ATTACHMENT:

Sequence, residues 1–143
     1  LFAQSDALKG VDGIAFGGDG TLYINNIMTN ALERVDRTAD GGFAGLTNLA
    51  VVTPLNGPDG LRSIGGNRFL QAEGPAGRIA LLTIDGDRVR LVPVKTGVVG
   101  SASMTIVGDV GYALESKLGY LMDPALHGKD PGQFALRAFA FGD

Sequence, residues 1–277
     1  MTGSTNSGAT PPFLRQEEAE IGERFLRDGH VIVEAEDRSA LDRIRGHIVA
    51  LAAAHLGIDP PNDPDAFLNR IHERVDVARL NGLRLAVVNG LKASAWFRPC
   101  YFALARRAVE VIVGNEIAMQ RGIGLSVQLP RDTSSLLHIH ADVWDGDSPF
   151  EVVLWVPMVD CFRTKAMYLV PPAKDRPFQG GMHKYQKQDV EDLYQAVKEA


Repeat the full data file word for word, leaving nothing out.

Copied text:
Sequence, residues 1–143
     1  LFAQSDALKG VDGIAFGGDG TLYINNIMTN ALERVDRTAD GGFAGLTNLA
    51  VVTPLNGPDG LRSIGGNRFL QAEGPAGRIA LLTIDGDRVR LVPVKTGVVG
   101  SASMTIVGDV GYALESKLGY LMDPALHGKD PGQFALRAFA FGD

Sequence, residues 1–277
     1  MTGSTNSGAT PPFLRQEEAE IGERFLRDGH VIVEAEDRSA LDRIRGHIVA
    51  LAAAHLGIDP PNDPDAFLNR IHERVDVARL NGLRLAVVNG LKASAWFRPC
   101  YFALARRAVE VIVGNEIAMQ RGIGLSVQLP RDTSSLLHIH ADVWDGDSPF
   151  EVVLWVPMVD CFRTKAMYLV PPAKDRPFQG GMHKYQKQDV EDLYQAVKEA